Saturday, January 14, 2012

Starting seeds that require stratification

I got another gift of plants for my birthday this winter and decided to spread the love thinner (more plants for less money) by buying seeds. I have several beds that receive part sun that need more plants and every spring I'm disappointed that I didn't start more native plants in winter. Most native plants need to go through stratification in order to break dormancy, so they demand you plan ahead. This cold and moist period usually ranges from 30-60 days, but can be more. All of the seeds I purchased were in this range. What does this look like? I'm going to walk you through what I've done today.
First, I want to introduce you to Prairie Moon Nursery- my favorite source for native seeds and plants. One of the most wonderful things about this catalog, aside from the large diversity of seeds, is how informative it is. Here is this year's catalog.

I ordered 24 species of native plants and they sent me 1 Free packet of Common Milkweed, which is great because I don't have this growing AND I understand the Monarch butterfly population has declined upwards of 80% in the Midwest due to some not-to-be-named genetically modified agricultural crops. How horrible!
I want more Milkweed and Asters because they provide both larval and adult food. 
Here is my seed list
Textile Onion     Pussytoes     Poke Milkweed     Tall Green Milkweed     Oval-leaf Milkweed     
Prairie Milkweed     Whorled Milkweed     Spider Milkweed     Arrow-leaved Aster     Silky Aster
Short's Aster     Hairy Wood Mint     Cream Gentian     Stiff Gentian     False Meadow Rue 
Button Blazing Star     Dotted Blazing Star     Northern Blazing Star     Pale Spiked Lobelia     
Bradbury's Monarda     Wild Blue Phlox     Old Field Goldenrod     Purple Meadow Rue
Northern Dropseed

Each packet varies in the number of seeds contained, but all are $2.00 each, which is really cheap for rarer plants. On the back it tells you the approximate number of seeds. They look like this:

Some are additionally packaged in little cellophane or plastic baggies like Northern Dropseed here:

How I stratify seeds
1. Label all of your bags with the name of the contents. I wrote both the abbreviated scientific name and common name, today's date and the number of days the seed needs to be in the fridge (30 or 60). I sorted the bags into 2 piles so that I could easily pull out the 30 day bags first.

2. To each bag add a little sand. I think this is builder's sand. It was what we had on hand. I don't think the kind matters. I have also used vermiculite, which works fine too.
3. Empty the contents of the seed packet into the corresponding bag and give it a shake.
4. I added 2 teaspoons of water to each bag. You want it moist, but NEVER wet so the seed doesn't mold. Push the air out and seal it up. A ready bag looks like this:
Asclepias hirtella is Tall Green Milkweed
30 = number of days in fridge

5. I put all of the baggies in a used cereal box and plopped it in the veggie crisper of the fridge. Mark your calendar so after 30 days you can take out the first set of baggies to begin starting them. I'll update what to do when they come out of the fridge on a later post.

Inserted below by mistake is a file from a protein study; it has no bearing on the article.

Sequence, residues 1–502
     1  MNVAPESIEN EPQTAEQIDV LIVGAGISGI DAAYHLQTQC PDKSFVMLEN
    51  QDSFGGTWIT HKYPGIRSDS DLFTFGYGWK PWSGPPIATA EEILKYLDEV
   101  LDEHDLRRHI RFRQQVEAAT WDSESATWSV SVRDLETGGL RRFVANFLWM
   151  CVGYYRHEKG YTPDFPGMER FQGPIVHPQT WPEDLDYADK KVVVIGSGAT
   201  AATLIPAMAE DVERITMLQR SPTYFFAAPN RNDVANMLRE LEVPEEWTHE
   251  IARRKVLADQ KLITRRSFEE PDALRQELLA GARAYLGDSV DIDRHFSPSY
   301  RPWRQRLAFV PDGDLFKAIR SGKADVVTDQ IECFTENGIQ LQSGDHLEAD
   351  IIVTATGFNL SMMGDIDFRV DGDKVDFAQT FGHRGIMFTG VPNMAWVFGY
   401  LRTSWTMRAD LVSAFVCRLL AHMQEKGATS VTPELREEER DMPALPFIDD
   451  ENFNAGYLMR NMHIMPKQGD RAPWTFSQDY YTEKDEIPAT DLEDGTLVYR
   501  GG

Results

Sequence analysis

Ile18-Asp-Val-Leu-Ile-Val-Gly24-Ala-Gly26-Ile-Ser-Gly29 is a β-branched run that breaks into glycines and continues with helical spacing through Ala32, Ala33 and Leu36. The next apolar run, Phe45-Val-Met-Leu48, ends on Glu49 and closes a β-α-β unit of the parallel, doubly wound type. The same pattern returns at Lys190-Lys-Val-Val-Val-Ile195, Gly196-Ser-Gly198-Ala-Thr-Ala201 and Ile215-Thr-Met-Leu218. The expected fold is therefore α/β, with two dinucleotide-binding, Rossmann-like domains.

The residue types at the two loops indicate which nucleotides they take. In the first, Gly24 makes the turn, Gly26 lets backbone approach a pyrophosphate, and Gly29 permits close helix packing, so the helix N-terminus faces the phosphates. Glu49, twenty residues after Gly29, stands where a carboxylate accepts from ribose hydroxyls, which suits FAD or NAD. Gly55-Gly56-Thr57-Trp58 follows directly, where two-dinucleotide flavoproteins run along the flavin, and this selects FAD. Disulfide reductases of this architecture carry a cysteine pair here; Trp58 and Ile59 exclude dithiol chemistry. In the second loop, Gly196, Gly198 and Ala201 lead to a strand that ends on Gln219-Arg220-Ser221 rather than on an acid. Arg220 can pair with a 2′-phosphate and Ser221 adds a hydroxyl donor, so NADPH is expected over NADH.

Seeds in the box and ready for the fridge.

Let me show you an example page of how informative this catalog is. I use these tables to help pick out what I wanted to grow. I started by focusing on what could grow in either "Woodland" or "Savanna"
This catalog gives you the scientific name, a common name, the germination code so you don't have to figure out for yourself, amount of sun, amount of moisture required, flower time, color of flower, height, wetland codes, and more- like whether their is a picture in the catalog, what wildlife likes it, if it is good for landscaping or aggressive, etc. It is loaded with useful info. 

I hope this helps someone. Also know that they sell bareroot plants if you don't want to start with seeds. They also have trees, shrubs, vines, other grasses, ferns, etc. 

Happy Winter Gardening!

Wednesday, January 11, 2012

Seeds and Progress Reports

I placed several seed orders yesterday. The first order was through Baker's Creek Heirloom Seeds which was mainly my tomato order (thanks for the holiday present parents!). The second order was through Prairie Moon Nursery- a native seed & plant company (thanks for the birthday present hubby!). I'm hoping to expand my native plant population and I have some newer beds that need some part-shade plants. Since most native seeds need to go through stratification (a 30+ day cold/moist period) in order to break dormancy I need to get those in the fridge as soon as possible, since it doesn't look like I can rely on these "winter" conditions to take care of this process. And lastly, I made a plant and seed order through Select Seeds, which focuses on heirloom flowering plants. I will post my seed lists as they arrive. So, what to do with all of these seeds? I thought I'd share how I organize them. I've done many things, but this method just seems to work for me.
Chuy demonstrating my madness.
As you can see I have lots of seeds already. They are organized into 3 boxes: box 1 labeled Spring Seeds. Box 1 includes seeds to be planted in fall as well or seeds that need to be stratified or perennials that need to be started early and of course the usual spring/fall crops- peas, kale, spinach, lettuces, onions, etc.